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  7.  20
    Vivien Ainley, Lara Maister, Jana Brokfeld, Harry Farmer & Manos Tsakiris (2013). More of Myself: Manipulating Interoceptive Awareness by Heightened Attention to Bodily and Narrative Aspects of the Self. Consciousness and Cognition 22 (4):1231-1238.
    Psychology distinguishes between a bodily and a narrative self. Within neuroscience, models of the bodily self are based on exteroceptive sensorimotor processes or on the integration of interoceptive sensations. Recent research has revealed interactions between interoceptive and exteroceptive processing of self-related information, for example that mirror self-observation can improve interoceptive awareness. Using heartbeat perception, we measured the effect on interoceptive awareness of two experimental manipulations, designed to heighten attention to bodily and narrative aspects of the self. Participants gazed at a (...)
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  8.  10
    Anil K. Seth & Hugo D. Critchley (2013). Extending Predictive Processing to the Body: Emotion as Interoceptive Inference. Behavioral and Brain Sciences 36 (3):227-228.
    The Bayesian brain hypothesis provides an attractive unifying framework for perception, cognition, and action. We argue that the framework can also usefully integrate interoception, the sense of the internal physiological condition of the body. Our model of entails a new view of emotion as interoceptive inference and may account for a range of psychiatric disorders of selfhood.
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  9.  13
    George A. Michael & Janick Naveteur (2011). The Tickly Homunculus and the Origins of Spontaneous Sensations Arising on the Hands. Consciousness and Cognition 20 (3):603-617.
    Everyone has felt those tingling, tickly sensations occurring spontaneously all over the body in the absence of stimuli. But does anyone know where they come from? Here, right-handed subjects were asked to focus on one hand while looking at it and while looking away and subsequently to map and describe the spatial and qualitative attributes of sensations arising spontaneously. The spatial distribution of spontaneous sensations followed a proximo-distal gradient, similar to the one previously described for the density of receptive units. (...)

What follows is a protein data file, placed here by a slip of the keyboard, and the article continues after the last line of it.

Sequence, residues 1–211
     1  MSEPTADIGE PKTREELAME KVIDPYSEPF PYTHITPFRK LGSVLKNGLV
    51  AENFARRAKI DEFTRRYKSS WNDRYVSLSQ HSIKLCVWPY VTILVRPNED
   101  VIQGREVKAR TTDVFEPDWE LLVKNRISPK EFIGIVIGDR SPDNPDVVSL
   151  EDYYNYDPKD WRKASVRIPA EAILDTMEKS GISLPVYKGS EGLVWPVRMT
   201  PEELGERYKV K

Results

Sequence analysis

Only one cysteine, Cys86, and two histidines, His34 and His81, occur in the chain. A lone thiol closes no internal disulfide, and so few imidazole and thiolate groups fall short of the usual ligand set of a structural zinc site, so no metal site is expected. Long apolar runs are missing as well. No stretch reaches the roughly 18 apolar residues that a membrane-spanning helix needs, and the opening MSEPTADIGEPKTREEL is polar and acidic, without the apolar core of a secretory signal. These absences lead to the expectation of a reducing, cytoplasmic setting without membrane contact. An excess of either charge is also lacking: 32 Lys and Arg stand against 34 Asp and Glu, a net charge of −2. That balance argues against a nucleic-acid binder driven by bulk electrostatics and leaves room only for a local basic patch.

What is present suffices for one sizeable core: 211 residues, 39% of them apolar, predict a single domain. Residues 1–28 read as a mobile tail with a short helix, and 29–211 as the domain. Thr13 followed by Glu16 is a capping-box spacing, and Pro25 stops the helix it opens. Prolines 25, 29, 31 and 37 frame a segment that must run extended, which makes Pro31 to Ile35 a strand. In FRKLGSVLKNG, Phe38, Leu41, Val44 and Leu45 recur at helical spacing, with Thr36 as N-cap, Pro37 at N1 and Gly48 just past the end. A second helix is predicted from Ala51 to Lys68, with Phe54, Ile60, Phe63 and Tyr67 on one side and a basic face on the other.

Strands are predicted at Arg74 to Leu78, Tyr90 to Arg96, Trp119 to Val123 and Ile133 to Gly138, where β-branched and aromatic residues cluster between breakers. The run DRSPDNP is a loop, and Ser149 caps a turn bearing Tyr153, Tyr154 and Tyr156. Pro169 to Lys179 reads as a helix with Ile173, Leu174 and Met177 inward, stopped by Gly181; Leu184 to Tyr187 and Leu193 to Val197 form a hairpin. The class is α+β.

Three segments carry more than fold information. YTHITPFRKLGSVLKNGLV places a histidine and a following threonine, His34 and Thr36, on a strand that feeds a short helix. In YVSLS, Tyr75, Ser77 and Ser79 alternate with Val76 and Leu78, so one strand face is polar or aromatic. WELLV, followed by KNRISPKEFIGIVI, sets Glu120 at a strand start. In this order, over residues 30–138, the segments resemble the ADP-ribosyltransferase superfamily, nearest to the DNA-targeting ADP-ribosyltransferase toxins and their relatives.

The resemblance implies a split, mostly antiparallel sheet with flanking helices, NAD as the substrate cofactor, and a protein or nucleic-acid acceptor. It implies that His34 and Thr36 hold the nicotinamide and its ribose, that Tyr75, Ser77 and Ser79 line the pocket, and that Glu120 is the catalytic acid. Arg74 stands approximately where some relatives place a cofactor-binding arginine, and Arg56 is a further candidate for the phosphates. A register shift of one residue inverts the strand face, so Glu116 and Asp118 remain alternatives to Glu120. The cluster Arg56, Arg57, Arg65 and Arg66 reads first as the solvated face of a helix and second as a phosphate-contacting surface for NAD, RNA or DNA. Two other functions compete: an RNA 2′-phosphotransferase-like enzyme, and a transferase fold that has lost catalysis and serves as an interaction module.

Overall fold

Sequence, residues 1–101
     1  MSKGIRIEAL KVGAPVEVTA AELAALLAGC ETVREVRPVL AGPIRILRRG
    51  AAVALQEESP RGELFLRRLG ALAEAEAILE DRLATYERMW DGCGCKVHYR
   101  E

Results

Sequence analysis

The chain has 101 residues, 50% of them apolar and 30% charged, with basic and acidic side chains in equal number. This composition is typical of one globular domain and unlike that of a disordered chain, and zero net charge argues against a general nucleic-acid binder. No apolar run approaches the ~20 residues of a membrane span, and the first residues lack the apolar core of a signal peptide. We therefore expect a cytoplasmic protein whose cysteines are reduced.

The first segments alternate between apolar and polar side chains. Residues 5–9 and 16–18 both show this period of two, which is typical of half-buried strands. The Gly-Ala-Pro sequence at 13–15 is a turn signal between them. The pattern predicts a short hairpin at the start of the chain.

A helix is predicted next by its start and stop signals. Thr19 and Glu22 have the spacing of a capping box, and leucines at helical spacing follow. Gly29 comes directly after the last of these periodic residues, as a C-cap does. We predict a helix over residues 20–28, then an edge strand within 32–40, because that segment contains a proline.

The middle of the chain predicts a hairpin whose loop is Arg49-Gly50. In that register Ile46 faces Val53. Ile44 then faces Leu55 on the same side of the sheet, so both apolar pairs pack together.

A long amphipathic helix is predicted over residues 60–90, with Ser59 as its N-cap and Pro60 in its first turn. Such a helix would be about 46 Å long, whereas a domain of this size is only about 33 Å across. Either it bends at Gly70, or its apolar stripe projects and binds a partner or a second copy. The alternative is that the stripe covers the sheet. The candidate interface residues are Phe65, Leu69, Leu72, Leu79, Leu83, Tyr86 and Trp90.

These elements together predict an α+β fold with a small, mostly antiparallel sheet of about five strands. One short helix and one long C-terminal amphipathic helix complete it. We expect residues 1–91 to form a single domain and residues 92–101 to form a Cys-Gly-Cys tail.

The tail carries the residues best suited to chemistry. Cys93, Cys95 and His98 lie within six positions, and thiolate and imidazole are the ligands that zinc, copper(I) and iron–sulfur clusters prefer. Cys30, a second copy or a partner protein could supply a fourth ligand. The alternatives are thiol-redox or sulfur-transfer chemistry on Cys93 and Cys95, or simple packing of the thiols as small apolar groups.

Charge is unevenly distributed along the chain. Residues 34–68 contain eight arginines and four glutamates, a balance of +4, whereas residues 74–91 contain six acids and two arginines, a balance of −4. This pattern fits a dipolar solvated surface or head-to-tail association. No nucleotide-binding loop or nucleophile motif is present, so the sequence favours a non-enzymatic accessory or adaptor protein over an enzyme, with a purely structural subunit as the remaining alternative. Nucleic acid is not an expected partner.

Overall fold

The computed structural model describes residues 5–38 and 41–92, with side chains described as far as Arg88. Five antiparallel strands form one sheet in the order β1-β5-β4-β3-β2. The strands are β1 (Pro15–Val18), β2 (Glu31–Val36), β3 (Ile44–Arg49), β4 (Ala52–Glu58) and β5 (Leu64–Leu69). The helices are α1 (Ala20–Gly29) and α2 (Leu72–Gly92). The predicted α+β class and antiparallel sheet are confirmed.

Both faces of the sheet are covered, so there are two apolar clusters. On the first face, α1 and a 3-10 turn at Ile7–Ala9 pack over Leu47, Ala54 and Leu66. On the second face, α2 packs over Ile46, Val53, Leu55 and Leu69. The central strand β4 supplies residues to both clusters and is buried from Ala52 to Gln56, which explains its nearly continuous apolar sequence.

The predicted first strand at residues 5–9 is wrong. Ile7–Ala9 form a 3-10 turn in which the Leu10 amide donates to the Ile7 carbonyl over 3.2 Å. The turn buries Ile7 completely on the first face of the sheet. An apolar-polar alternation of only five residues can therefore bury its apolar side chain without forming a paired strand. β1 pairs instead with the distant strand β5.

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  10.  16
    Luann D. Fortune (2011). Essences of Somatic Awareness as Captured in a Verbally Directed Body Scan. Schutzian Research 3:107-119.
    Somatic awareness is bodily sensation imbued with consciousness. Directing and cultivating somatic awareness is a practice fundamental to many therapeutic and spiritual enterprises. Recent developments in neuroscience attempt to explain the operational aspects of somatic awareness. But it has long been a topic of conversation in other paradigms, from philosophy to health care. Somatic input provides information for use in wellness treatment applications, including therapeutic bodywork. Yet few massage therapy scholarly investigations aim to capture the quality of body awareness experience. (...)
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  11.  4
    Caroline Durlik, Flavia Cardini & Manos Tsakiris (2014). Being Watched: The Effect of Social Self-Focus on Interoceptive and Exteroceptive Somatosensory Perception. Consciousness and Cognition 25 (1):42-50.
    We become aware of our bodies interoceptively, by processing signals arising from within the body, and exteroceptively, by processing signals arising on or outside the body. Recent research highlights the importance of the interaction of exteroceptive and interoceptive signals in modulating bodily self-consciousness. The current study investigated the effect of social self-focus, manipulated via a video camera that was facing the participants and that was either switched on or off, on interoceptive sensitivity and on tactile perception ). The results indicated (...)